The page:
Among the most visible prices that consumers may see on a daily basis are the ones found on the large signs at the gasoline stations alongside our streets and highways.
The biggest single factor affecting gasoline prices is the cost of crude oil, the main raw material for gasoline production, which accounts for well over half the price of gasoline at the pump. But what is behind the price of crude oil?
This week the U.S. Energy Information Administration (EIA) launched a new web-based assessment highlighting key factors that can affect crude oil prices called "Energy and Financial Markets: What Drives Crude Oil Prices?"
Understanding oil price movements and their underlying drivers was the impetus in creating this new product. Oil prices have fluctuated a great deal in recent years, reaching over $140 per barrel in the summer of 2008, then falling by about $100 in subsequent months before rebounding. Gasoline prices paid at the pump experienced similar fluctuations during this period.
EIA's traditional coverage of physical fundamentals such as energy consumption, production, inventories, spare capacity and geopolitical risks continues to be essential. This new work builds on that foundation, and adds information and assessments of other influences, such as futures market trading activity, commodity investment, exchange rates, and equity markets as EIA seeks to fully examine energy price movements.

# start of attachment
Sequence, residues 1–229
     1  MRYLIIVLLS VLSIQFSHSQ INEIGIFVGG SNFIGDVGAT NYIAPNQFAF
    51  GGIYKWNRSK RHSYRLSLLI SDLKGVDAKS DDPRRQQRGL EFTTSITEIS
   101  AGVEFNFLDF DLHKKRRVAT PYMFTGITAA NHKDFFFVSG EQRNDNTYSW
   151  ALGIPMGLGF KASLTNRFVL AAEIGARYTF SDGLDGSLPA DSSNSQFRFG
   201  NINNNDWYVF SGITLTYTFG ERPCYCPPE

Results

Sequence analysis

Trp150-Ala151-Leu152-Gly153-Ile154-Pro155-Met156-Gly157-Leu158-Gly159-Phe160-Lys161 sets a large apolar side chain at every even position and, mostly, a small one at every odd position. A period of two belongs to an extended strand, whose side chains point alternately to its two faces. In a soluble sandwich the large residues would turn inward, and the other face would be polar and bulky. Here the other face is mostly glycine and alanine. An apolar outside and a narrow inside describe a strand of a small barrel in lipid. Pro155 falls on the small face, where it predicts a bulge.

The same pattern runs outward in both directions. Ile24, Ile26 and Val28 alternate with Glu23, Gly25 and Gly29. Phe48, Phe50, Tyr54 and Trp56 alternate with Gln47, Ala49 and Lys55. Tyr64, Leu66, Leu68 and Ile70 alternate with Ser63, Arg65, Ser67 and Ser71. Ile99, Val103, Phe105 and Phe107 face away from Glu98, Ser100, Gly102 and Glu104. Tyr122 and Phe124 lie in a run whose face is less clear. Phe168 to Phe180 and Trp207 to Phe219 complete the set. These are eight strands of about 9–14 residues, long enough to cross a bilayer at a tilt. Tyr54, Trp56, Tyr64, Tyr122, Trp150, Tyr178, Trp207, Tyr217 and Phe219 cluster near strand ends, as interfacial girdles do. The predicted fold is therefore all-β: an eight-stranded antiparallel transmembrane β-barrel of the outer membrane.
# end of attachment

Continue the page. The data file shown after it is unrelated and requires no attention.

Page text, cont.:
The web product features a dashboard showing recent trends in several of these factors, including both physical fundamental factors and factors dealing with trading and financial markets.
• Spot prices
• OPEC production
• Non-OPEC production
• OECD consumption
• Non-OECD consumption
• Financial markets
Chart data in the new web-based product will be updated monthly and quarterly. Each section of the product also includes a feedback form inviting users to email EIA their comments and insights. Energy and Financial Markets: What Drives Crude Oil Prices? can be found at: http://www.eia.gov/finance/markets.